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Warren Gerds/Critic at Large: Review: ‘Sound of Music’ warms Abrams

The community’s troupe succeeds with the famed, large musical.

ABRAMS, Wis., (WFRV) – Maple Street is alive with “The Sound of Music” these days. Abrams Spotlight Productions has a lively, enthusiastic production of the classic musical running through Dec. 15. Info: www.abramsspotlightproductions.com.

Saturday afternoon’s performance earned a standing ovation from a near full house.

It was my first time at The Byng Community Theater for a show by Abrams Spotlight Productions. I was struck by pride.

The theater is its 27th production in 10 years. Clearly, the theater has something going on that’s important to the community that’s approximately 25 miles north of Green Bay. The printed program is GIANT by most theater’s standards – 8½ by 11 inches and 32 pages stuffed with information and ads. The program alone says the theater is important in Abrams.

“The Sound of Music” is a big show for a community theater to take on. The musical is three hours long, with a large cast and demanding singing/acting requirements and multiple sets and plenty of costuming needs and, and, and… In the cold world of theater at large – where folks are fussy about logistics, acting execution and casting fits – it is maybe a 3 stars out of 5 production. In the warm world of Abrams, it is more like 4½ stars out of 5 – very, very good. I liked it.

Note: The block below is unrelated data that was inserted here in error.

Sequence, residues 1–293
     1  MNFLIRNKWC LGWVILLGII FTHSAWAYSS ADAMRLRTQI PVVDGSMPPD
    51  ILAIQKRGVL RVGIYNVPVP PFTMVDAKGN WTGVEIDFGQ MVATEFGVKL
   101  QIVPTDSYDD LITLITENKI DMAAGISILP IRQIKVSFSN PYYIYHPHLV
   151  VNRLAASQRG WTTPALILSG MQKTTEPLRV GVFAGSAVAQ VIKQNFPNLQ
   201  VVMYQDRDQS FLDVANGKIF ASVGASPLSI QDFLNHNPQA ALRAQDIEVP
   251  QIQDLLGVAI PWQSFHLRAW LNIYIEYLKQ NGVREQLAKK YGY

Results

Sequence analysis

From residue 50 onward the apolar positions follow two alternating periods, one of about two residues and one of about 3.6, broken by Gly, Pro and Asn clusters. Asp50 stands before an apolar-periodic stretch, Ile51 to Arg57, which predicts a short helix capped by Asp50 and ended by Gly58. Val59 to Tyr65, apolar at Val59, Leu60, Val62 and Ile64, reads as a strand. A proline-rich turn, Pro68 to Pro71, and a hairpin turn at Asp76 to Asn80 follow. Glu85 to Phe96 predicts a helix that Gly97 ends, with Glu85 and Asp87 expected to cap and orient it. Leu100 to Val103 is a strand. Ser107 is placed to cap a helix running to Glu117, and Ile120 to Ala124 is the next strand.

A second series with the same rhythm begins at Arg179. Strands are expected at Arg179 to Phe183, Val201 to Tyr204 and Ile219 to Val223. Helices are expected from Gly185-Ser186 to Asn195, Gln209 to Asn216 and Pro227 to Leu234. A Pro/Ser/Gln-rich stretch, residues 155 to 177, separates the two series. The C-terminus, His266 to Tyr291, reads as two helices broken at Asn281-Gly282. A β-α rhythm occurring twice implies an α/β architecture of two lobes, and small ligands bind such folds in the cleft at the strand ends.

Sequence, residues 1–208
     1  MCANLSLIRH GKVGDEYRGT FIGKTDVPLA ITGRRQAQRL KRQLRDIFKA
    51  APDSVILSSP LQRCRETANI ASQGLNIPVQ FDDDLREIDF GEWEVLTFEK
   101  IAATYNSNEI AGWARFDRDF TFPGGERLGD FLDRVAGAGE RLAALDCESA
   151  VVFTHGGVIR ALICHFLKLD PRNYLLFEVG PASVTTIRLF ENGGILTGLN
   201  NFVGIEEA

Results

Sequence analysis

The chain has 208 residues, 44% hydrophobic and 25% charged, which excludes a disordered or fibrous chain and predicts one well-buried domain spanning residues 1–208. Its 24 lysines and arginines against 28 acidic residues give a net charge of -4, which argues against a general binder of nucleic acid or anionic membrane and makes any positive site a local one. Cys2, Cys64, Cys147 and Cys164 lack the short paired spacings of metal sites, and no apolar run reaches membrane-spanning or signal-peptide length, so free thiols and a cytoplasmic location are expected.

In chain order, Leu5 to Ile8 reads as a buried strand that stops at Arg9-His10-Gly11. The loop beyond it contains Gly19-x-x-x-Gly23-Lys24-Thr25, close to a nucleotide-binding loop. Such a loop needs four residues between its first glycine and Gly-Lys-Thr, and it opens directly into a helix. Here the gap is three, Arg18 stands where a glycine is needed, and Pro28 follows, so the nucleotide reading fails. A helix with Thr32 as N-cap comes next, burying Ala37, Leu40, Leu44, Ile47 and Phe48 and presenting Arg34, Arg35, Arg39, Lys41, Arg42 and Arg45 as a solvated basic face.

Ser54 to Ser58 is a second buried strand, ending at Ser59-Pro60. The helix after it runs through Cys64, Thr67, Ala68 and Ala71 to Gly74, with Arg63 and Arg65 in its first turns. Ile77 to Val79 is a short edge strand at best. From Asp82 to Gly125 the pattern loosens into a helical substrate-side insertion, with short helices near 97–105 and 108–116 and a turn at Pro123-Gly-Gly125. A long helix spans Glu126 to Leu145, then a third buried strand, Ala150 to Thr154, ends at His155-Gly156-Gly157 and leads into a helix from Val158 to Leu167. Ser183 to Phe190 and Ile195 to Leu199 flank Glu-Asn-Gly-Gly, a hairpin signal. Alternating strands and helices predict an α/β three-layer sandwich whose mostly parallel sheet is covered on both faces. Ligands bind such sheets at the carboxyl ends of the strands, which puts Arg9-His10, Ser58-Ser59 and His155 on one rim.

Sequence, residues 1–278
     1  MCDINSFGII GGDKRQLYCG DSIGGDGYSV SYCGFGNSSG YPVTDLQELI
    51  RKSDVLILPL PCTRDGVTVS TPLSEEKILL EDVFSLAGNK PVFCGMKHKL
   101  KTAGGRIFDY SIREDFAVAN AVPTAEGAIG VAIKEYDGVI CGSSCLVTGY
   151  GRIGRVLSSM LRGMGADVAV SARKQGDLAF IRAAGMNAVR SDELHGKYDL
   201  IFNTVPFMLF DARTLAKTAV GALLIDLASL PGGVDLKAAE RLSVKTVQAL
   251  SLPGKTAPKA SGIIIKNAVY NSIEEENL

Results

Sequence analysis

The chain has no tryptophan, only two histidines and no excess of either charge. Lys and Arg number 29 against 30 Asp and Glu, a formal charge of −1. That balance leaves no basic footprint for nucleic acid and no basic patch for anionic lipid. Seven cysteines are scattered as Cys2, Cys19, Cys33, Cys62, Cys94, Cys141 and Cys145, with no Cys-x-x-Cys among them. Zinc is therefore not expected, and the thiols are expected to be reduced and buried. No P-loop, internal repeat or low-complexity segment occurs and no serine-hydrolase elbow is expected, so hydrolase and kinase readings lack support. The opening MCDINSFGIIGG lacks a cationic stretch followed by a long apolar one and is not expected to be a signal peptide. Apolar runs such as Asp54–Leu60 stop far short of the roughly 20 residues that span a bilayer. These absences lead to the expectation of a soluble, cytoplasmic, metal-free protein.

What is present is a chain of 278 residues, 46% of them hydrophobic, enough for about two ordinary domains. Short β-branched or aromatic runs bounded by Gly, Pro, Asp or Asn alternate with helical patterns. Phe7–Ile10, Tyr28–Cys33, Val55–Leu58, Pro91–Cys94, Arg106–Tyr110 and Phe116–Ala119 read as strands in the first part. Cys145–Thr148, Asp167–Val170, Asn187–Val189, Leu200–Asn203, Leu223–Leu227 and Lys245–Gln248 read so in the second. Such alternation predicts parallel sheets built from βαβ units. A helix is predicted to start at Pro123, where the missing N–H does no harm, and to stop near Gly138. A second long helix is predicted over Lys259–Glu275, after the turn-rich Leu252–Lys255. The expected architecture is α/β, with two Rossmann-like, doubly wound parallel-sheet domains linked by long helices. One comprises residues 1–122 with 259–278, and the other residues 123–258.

Maria Rainer, Megan Sopata

Mother Abbess/Party Guest, Mary Jo Schoenfeld

Sister Berthe/Baroness Elberfeld, Elizabeth Jolly

Sister Margaretta/Party Guest, Peggy Sopata

Sister Sophia/Party Guest, Karen Fuller

Captain Georg von Trapp, Michael Brunner

Franz, David Woosencraft

Nun/Frau Schmidt, Mary Madsen

Liesl von Trapp, Faith Fuller

Friedrich von Trapp, Lucien Petit

Louisa von Trapp, Ellie Sopata

Kurt von Trapp, Breanna Duncan

Brigitta von Trapp, Eleanor Finger

Marta von Trapp, Olivia Shelly

Gretl von Trapp, McKenna Seidl

Rolf Gruber, Gus Kroenke

Nun/Elsa Schraeder, Ali Carlson

Nun/Ursula/Party Guest, Ashley Keuken

Max Detweiler, Early Fuller

Herr Zeller, David Jolly

Frau Zeller/Postulant/Festival Contestant, Niki Petit

Baron Elberfield/Festival Contestant, Bill Koehne

Admiral von Schreiber/Festival Contestant, Dominic Petit

Party Guest/Festival Contestant, Jordan Madsen

The songs

“Morning Hymn/Alleluia,” Nuns

“The Sound of Music,” Maria

“Maria,” Sisters Berthe, Sophia, Margaretta, Mother Abbess, Nuns

“My Favorite Things,” Maria, Mother Abbess

“I Have Confidence,” Maria

“Do-Re-Mi,” Maria, the Children

“Sixteen Going On Seventeen,” Rolf, Liesl

“The Lonely Goatherd,” Maria, the Children

“The Lonely Goatherd” (Reprise), Gretl

“How Can Love Survive,” Max, Elsa, Captain von Trapp

“The Sound of Music” (Reprise), the Children, Captain von Trapp

“Grand Waltz,” instrumental

“Landler,” instrumental

“So Long, Farewell,” the Children

“Climb Ev’ry Mountain,” Mother Abbess

“The Sound of Music” (Reprise), the Children, Captain von Trapp

“My Favorite Things” (Reprise), the Children, Maria

“No Way to Stop It,” Elsa, Max, Captain von Trapp

“O Come, O Come Emmanuel,” Nuns

“Sixteen Going On Seventeen” (Reprise), Maria, Liesl

“Do-Re-Mi” (Reprise), the Children, Maria, Captain von Trapp

“Edelweiss,” Captain von Trapp, Maria, the Children

“So Long, Farewell” (Reprise), Maria, Captain von Trapp, the Children